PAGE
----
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Let Partner Trade Professionals Do What They Do Best

We’ve all gotten the call from a new client to do a project after the electrician or general contractor ran all the low-voltage wires.  If it isn’t your job or profession, you shouldn’t do the work (unless you are doing it DIY at home).

If it isn’t your job or profession, you shouldn’t do the work (unless you are doing it DIY at home). We’ve all gotten the call from a new client to do a project after the electrician or general contractor ran all the low-voltage wires. How many times has the coax for the TV on the brick wall been wired to behind the TV and not to the cable box location? Now you have to explain to the client that the brick has to be removed or you have to jury-rig a cable box behind the TV, but now the audio can’t go through the sound system.

This isn’t a great situation for anyone. We, as the AV integrator are the bearers of bad news, the other tradesman looks bad and the client is unhappy, so everyone loses. What should have happened? The client should have called an AV expert. The electrician should have told the client that they don’t do low-voltage work and recommended an AV expert—or at the very least hired an AV integrator as a “consultant” to develop a wiring plan.

Make sure you aren’t the one making the mistake. The mistakes we make by taking on more than we can chew may cost us our businesses. I know a lot of us in the industry—myself included—are very excited about selling and integrating lighting, shading, HVAC, and security solutions. We can continue to sell and integrate these products, but we shouldn’t be installing them (except for security if you are trained and licensed to do it). It is very easy to sell a client a new lighting and shading solution from Crestron, Control4, Lutron, Savant, URC, or any number of manufacturers and be sucked into installing the devices as well. Hey, you installed it at your own home or showroom, and it’s been working great for years. So why not do it at the client’s home as well? But, today, especially with LED lighting, wiring and compatibility for these products can be very tricky. There are dozens of issues that can pop up, just like when you can’t get sound out of an AVR. You know every trick in the book to get the AVR working just right, but you don’t install lights day in and day out; and you likely aren’t licensed to either. Particularly with electrical work, you are risking severe damage, fire, and even personal injury to a client. Do you want to take that risk?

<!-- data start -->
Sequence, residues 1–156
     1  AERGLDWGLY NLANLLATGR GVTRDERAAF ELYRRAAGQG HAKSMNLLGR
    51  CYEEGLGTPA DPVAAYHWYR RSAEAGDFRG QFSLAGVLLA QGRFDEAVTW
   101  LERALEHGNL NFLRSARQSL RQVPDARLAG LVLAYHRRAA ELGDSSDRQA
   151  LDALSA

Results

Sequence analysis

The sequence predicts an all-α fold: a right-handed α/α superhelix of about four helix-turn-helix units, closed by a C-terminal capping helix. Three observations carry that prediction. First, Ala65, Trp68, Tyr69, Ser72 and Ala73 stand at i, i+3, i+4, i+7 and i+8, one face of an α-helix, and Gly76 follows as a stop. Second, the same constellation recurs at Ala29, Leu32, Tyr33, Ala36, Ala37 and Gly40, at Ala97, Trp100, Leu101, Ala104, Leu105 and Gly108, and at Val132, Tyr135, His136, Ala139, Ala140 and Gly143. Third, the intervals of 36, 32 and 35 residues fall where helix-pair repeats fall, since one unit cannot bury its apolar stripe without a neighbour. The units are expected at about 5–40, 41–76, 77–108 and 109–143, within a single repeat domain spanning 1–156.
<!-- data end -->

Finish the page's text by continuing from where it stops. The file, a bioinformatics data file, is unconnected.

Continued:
The same thing goes with HVAC, shading, and security. It may sound easy to just swap out that old thermostat for a new one. Heck, every DIYer does it when they buy one at Home Depot. But they are doing it themselves and when something doesn’t work perfectly, they only have themselves to blame. If you do it as a professional and it doesn’t work perfectly, then you’re getting the phone call at 10 p.m. when the heat won’t go on in the middle of the winter and you need to get someone there ASAP. It’s the same spiel I used to give to clients about why I didn’t sell or program Harmony remotes.

And the last thing you want to get involved with is something as closely tied to personal taste as shading decisions. Just as I won’t get involved with paint colors with a client, I won’t get involved with shading decisions. I will help them with how to control the shades and setting the scenes, but shade type and color, that is not my expertise and I do not want there to be even a whiff of a chance that they can blame me if they don’t like the color or design choice, especially with something as custom made as shading.

Here is what I tell clients: I can source, design, and program a fantastic, easy-to-use system. I will specify the parts that you need and will procure them. But you need a different type of professional to install them, be it a dimmer, switch, window shading system, HVAC controller, or security panel). I have made the mistake of being nice and putting in a light switch or two. That is always what comes to bite me later. I know it is hard, but you have to learn to defer and say no to those types of requests. It is very easy with electrical; you likely are not licensed or insured to touch it. For hanging a shade, you just have to let the client know that installing shades is not your specialty and that a professional is needed to make sure the shade operates perfectly and isn’t damaged.

I have developed a stable of reliable professionals in each specialty (electricians, interior designers, HVAC, security, window coverings, and lighting designers) to ensure that my clients are being taken care of by a professional, and they are getting top-notch attention, care, advice, and work. And my partner professionals all know that when a client has a question about AV or low-voltage wiring, that I am the expert, and they refer their clients to me.

+Todd Anthony Puma
is president of The Source Home Theater Installation, Powered by Fregosa Design, in New York City.